Remember, what I said in a previous blog, once the darling of the industry, today they are the angry child. So who's betting that "Buffalo Bill" will be riding off into the sunset in the near future? Remember when he was quoted as saying that he is looking for innovate leaders, maybe he was talking about replacing himself? The Spine Blogger wants to know what its readers think?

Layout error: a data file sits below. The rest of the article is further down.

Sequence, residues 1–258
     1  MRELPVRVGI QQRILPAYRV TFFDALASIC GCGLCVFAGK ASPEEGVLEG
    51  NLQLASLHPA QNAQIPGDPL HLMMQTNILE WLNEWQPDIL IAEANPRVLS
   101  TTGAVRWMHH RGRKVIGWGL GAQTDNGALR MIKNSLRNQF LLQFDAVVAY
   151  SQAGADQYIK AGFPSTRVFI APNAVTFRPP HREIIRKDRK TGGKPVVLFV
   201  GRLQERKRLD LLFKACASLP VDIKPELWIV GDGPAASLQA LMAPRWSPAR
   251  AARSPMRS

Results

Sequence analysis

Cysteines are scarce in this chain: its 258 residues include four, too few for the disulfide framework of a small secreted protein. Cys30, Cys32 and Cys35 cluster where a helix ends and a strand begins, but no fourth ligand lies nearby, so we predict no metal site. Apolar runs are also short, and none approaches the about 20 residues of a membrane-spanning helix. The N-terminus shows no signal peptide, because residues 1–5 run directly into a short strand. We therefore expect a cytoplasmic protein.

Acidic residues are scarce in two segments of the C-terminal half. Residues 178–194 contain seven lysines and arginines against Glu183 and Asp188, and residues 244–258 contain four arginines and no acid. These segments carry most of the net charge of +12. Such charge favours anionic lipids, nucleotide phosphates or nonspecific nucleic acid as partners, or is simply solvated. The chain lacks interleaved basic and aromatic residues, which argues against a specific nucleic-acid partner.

1. Perhaps Medtronic has gotten too big to be nimble and paperwork-creep has set in. Larger companies have more to lose and are willing to take less risks. They create more paperwork and document processes to cover their steps, suffocating innovation. Another reason is that the regulatory environment has intensified as well as public criticism of big medical continues to increase(particularly for Medtronic), so companies are willing to take less risk. I’m sure there are plenty of innovative ideas at Medtronic, but the increasingly difficult regulatory pathway, the repetitive and redundant paperwork, and with the possible risks associated with poor outcomes make this inefficient – management is simply not willing to take a risk in light of possible bad press, not to mention souring investor relations. If something bad happens the press has a field day – today’s med companies are guilty until proven innocent, and even if they are innocent there is almost never a rebuttal published to any significant degree. It is much easier to buy a company that can relatively quicker establish IP, regulatory clearance and who already have existing customers. Also, if they (the purchaser) come across bad press they can always put the blame on the purchased company – the Plus-Orthopaedics purchase by Smith and Nephew was a good example of this. Danek was a startup with a clear vision with less to lose and was willing to take more risks, and it was a different time in the industry. Thoughts?